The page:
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It’s been over 20 years since HIPAA was signed into law in 1996, and it’s becoming increasingly important and complex to comply with. As health care expands its ePHI sharing through better technology and increased demand, the risk of data breaches also escalates. Health care records are more valuable than stolen credit card numbers on the Dark Web, according to a 2016 data breach report from the Ponemon Institute.

While there may be debate on whether health care records are more valuable than financial data, we do know that more than 16 million health care records were exposed last year and this year, we’ve already seen several large breaches and ransomware attacks.

Keeping patient information private is paramount in health care for obvious reasons. Thanks to the 2013 Omnibus Rule, covered entities, and their business associates, have done a better job safeguarding patient data. Since 2013, we’ve seen HIPAA violations decrease, but it’s not enough; breaches are still happening, putting patients and health care providers at serious risk. In fact, these breaches have caused the Office of Civil Rights to investigate over 150,000 complaints between 2003 and 2017, and with fines totaling over $72 million.

It’s time to do more with the “portability” aspect of HIPAA. Medical records, lab tests, and other health information should not only be kept secure, but accessible and easily shared between providers, specialists, and doctors, to better pinpoint and diagnose patients for quicker treatment. Patients should feel confident that healthcare providers handle electronic patient health information properly – and in return, providers need to understand any breach will have a major impact on patient satisfaction. For health care providers, keeping patient satisfaction levels high is critical to ratings for both retention purposes and reimbursements.

Compared to 1996, we’ve seen huge evolutions in technology available today – in large part to the rise of the Internet. With instant access to information, and multiple access points via desktops, tablets, phones, and IoT devices, the once very manual process of extracting medical records and PHI from archaic systems that couldn’t communicate, has nearly transformed into a process of instant access to medical information.

While we are seeing a lot of improvements, especially in EHR systems, which continue to expand and connect more facilities and health care systems, we’re not quite there yet. As health information exchanges have discovered, systems and methods that can facilitate information sharing across different health systems and geographies face many challenges, and there’s a lot to solve – protocols, integration points, APIs, authorization, auditing, and security. These technologies expand the complexity and potential for exposing patient information if not implemented properly. While the Internet and smart devices have provided routes and access points, they have also expanded the attack surface for bad actors.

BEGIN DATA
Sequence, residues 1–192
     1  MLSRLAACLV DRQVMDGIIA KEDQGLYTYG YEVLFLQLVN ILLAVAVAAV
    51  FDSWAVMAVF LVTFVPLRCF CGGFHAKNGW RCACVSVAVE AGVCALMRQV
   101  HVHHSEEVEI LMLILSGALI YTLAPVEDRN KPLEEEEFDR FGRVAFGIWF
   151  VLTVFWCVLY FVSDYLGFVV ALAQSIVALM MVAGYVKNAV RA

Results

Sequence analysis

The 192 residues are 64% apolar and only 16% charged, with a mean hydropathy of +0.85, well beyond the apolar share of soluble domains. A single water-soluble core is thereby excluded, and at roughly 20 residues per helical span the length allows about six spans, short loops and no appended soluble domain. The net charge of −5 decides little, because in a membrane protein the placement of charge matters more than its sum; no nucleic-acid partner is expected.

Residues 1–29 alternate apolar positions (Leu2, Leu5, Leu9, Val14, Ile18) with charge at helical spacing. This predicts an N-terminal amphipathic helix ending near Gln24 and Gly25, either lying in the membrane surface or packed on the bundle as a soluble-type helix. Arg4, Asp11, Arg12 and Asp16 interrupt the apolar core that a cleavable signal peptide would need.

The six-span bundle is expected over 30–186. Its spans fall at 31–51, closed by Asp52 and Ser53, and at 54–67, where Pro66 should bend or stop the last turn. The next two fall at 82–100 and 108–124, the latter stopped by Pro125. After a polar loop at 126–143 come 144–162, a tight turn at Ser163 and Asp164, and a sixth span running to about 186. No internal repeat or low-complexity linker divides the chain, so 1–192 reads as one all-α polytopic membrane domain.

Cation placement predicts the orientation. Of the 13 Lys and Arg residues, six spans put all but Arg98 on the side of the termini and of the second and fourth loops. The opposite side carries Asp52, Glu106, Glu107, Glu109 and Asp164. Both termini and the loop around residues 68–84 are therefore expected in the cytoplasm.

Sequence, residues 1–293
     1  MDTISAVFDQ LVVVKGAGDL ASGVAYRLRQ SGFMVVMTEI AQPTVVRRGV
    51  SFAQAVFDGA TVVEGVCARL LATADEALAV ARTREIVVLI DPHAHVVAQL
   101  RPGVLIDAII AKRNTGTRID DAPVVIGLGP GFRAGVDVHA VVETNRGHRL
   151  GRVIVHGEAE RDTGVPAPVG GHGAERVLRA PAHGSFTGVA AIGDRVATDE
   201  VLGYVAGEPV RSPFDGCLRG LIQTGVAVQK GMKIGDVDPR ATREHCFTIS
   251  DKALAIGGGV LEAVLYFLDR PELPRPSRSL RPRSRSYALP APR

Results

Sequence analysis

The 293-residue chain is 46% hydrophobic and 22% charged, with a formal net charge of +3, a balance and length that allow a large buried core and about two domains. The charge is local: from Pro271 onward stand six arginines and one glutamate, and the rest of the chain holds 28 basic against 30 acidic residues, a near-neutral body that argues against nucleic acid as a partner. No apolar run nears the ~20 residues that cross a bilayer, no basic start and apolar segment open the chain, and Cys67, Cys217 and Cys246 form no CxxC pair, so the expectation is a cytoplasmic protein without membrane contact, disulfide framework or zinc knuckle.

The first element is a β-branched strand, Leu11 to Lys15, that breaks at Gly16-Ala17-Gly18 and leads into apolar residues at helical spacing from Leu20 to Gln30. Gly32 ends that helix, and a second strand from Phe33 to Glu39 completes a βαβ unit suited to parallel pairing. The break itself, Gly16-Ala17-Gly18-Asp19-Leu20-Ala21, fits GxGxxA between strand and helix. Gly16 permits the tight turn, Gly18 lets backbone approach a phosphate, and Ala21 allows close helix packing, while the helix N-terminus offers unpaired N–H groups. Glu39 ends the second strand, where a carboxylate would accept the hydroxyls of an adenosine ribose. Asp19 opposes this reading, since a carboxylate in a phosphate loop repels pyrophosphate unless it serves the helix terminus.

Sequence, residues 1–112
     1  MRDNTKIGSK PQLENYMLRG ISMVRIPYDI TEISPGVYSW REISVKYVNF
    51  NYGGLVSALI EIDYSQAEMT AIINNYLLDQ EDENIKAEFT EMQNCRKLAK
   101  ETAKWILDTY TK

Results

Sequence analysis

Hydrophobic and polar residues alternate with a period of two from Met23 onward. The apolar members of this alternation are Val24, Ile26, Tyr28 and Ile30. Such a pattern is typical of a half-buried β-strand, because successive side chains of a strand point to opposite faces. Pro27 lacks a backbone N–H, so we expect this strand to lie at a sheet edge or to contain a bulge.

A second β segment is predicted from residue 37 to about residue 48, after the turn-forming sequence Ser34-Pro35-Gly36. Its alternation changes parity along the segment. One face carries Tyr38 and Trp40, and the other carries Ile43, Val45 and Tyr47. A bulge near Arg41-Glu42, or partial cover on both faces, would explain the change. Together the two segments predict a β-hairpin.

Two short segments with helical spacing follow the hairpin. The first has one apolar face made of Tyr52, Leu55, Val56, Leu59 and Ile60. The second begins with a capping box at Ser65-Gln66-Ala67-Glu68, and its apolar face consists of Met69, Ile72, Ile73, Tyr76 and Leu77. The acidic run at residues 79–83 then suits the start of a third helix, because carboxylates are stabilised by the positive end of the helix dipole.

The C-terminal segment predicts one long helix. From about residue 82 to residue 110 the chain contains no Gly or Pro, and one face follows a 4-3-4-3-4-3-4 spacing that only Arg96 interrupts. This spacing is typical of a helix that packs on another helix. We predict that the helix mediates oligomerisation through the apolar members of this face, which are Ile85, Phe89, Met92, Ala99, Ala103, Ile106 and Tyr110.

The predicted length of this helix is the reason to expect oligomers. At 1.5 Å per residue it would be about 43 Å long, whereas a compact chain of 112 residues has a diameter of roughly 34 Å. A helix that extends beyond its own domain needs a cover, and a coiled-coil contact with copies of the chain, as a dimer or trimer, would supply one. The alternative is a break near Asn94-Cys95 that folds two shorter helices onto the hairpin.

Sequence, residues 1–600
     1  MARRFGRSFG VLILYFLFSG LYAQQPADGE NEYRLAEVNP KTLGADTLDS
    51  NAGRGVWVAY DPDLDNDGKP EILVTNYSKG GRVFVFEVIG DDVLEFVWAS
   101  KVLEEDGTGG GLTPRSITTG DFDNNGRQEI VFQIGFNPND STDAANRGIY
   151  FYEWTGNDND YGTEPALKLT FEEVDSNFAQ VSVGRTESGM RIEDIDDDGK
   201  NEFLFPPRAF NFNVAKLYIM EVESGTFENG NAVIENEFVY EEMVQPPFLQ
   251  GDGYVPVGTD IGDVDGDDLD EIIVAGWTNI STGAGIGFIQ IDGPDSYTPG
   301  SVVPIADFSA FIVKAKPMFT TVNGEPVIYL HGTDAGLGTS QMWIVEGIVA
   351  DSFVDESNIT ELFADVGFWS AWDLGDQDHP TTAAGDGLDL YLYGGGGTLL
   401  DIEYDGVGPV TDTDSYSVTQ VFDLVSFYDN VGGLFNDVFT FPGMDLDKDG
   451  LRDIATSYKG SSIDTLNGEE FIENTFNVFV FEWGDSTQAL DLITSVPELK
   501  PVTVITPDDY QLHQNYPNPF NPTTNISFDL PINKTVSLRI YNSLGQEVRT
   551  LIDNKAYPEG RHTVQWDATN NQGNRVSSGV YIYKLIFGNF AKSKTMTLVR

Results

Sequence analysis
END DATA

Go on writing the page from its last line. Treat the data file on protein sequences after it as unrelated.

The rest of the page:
As ePHI continues to attract hackers, it is crucial for health care providers, including staff, admins, IT, and anyone who interacts with ePHI, to better understand threats and how to securely access and share data. Education and training will help solve some of the most common ways attacks happen. For example, knowing how to avoid social engineering tricks, like identifying suspicious emails that can infect systems with malware, may prevent a ransomware infection that could shut down their EHR system. Some hospitals that suffered from the WannaCry ransomware attack were forced to revert to using pencil and paper with their patients. For health care IT, it means better-understanding the threat landscape and potential vectors into this valuable data and performing a risk analysis.

As health care systems continually become more connected, data is everywhere – in the cloud, on laptops, tablets, and other devices – all controlled by IT. Knowing how to identify, react, and prevent hackers from accessing these target-rich environments will decrease breaches in the future.

Demand for better access to our health data continues to grow, and expectations will increase for easy, fast, and secure means for sharing patient information. Health care professionals must continually assess risks, define policies for information security, educate and train employees on proper IT hygiene, and look for technology solutions that help them achieve better security. With so much at risk these days – including monetary fines, reputational risk, and ultimately patient satisfaction ratings, properly training staff and mechanisms to share ePHI securely can help address the significant consequences of data breaches.

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About the author: Bill Ho is CEO of Biscom, and is a recognized security expert for some of the most regulated industries, including healthcare. Bill received his BS in computer science from Stanford University, his MS from Harvard University, and his MBA from MIT’s Sloan School of Management.